JAX: Java HPC by Norman Maurer

2013-05-19 20:31
For slides see also: Speakerdeck: High performance networking on the JVM

Norman started his talk clarifying what he means by high scale: Anything above
1000 concurrent connections in his talk are considered high scale, anything
below 100 concurrent connections is fine to be handled with threads and blocking
IO. Before tuning anything, make sure to measure if you have any problem at
all: Readability should always go before optimisation.

He gave a few pointers as to where to look for optimisations: Get started by
studying the socket options - TCP-NO-DELAY as well as the send and receive
buffer sizes are most interesting. When under GC pressure (check the GC locks
to figure out if you are) make sure to minimise allocation and deallocation of
objects. In order to do that consider making objects static and final where
possible. Make sure to use CMS or G1 for garbage collection in order to
maximise throughput. Size areas in the JVM heap according to your access
patterns. The goal should always be to minimise the chance of running into a
stop the world garbage collection.

When it comes to using buffers you have the choice of using direct or heap
buffers. While the former are expensive to create, the latter come with the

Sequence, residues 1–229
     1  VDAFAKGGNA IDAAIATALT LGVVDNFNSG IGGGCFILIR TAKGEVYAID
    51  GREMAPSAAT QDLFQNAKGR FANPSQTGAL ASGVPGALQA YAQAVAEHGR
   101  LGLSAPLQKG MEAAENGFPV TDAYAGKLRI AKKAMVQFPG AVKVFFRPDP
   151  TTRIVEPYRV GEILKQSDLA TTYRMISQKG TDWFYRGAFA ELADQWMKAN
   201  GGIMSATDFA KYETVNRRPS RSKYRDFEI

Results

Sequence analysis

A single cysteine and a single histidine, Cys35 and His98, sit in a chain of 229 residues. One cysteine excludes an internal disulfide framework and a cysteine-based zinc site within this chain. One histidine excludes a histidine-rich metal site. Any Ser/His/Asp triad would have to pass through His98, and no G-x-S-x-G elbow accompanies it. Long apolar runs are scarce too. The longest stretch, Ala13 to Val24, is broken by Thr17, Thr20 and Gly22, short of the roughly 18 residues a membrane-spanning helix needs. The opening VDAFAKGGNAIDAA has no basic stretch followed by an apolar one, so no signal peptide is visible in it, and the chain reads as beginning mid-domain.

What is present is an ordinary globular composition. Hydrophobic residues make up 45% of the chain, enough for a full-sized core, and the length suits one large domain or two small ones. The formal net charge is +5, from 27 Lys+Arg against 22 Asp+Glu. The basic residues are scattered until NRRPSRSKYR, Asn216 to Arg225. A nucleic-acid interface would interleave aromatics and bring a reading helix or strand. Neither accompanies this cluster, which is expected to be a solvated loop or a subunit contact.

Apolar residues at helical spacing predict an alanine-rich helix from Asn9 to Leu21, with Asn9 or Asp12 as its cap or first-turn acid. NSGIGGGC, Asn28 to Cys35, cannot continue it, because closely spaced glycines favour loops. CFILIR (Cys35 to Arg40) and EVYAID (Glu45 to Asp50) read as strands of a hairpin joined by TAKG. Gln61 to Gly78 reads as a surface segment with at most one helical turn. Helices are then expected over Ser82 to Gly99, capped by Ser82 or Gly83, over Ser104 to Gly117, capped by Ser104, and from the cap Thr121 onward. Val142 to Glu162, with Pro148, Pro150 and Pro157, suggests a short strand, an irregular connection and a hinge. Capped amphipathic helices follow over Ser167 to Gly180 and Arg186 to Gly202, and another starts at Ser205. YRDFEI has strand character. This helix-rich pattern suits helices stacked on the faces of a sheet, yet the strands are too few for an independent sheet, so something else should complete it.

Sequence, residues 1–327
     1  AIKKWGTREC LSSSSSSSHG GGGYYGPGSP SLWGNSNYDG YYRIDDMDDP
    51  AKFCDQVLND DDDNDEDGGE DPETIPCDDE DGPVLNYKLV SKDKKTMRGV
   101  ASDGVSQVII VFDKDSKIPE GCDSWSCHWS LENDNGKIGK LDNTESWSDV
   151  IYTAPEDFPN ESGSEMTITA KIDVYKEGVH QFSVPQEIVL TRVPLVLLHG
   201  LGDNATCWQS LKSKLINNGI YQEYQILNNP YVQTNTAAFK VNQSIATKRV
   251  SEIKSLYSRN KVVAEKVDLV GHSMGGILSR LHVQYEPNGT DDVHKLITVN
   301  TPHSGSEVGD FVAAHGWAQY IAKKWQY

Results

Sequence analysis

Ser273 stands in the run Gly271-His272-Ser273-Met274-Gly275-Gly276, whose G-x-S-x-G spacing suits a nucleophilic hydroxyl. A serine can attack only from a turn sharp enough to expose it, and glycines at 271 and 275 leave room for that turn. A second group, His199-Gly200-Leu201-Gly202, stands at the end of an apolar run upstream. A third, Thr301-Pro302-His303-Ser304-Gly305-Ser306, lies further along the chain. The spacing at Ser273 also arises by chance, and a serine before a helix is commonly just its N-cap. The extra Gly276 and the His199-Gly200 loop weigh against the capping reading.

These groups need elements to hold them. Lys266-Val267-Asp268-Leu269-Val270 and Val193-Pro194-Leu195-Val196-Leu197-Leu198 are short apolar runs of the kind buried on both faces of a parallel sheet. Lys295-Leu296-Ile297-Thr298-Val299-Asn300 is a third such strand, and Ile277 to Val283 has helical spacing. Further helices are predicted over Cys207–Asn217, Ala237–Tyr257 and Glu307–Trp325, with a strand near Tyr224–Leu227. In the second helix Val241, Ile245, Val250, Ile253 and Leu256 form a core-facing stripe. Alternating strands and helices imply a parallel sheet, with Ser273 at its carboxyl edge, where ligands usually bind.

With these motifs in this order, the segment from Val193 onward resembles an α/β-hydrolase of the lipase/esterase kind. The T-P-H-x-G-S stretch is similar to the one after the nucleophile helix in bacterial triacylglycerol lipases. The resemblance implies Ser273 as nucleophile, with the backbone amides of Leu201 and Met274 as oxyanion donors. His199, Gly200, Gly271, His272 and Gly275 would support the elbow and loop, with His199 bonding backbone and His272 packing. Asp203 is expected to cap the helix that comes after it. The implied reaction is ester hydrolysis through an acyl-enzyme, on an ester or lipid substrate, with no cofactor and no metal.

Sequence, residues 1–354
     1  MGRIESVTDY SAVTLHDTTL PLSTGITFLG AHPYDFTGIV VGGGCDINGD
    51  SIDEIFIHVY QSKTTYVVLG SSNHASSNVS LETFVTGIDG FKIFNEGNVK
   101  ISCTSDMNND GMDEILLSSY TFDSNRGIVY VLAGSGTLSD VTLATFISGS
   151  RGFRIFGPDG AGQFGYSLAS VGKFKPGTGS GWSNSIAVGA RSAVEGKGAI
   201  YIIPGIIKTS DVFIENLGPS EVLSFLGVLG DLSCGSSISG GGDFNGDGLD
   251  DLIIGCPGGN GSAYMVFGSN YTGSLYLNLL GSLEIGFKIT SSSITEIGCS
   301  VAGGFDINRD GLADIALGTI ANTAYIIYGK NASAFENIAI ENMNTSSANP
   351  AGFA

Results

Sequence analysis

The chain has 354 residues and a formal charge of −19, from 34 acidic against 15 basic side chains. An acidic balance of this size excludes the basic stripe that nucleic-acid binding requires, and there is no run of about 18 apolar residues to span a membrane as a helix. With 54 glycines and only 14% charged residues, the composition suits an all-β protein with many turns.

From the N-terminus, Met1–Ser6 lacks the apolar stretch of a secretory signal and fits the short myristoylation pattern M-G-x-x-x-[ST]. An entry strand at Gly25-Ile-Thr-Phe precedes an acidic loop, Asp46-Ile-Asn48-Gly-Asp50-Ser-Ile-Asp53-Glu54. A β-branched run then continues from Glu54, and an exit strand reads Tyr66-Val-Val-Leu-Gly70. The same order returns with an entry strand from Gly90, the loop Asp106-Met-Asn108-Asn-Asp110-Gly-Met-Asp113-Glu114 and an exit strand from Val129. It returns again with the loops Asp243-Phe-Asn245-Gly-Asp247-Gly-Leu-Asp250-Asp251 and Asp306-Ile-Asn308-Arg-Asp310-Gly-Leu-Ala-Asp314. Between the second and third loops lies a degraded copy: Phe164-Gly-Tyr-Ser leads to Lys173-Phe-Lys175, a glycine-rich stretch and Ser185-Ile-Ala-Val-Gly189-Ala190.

cost of being zero'ed out. Often people start buffer pooling, potentially
initialising the pool in a lazy manner. In order to avoid memory fragmentation
in the Java heap, it can be a good idea to create the buffer at startup time
and re-use it later on.

In particular when parsing structured messages like they are common in
protocols it usually makes sense to use gathering writes and scattering reads
to minimise the number of system calls for reading and writing. Also try to
buffer more if you want to minimise system calls. Use slice and duplicate to
create views on your buffers to avoid mem copies. Use a file channel when
copying files without modifications.

Make sure you do not block - think of DNS servers being unavailable or slow as
an example.

As a parting note, make sure to define and document your threading model. It
may ease development to know that some objects will always only be used in a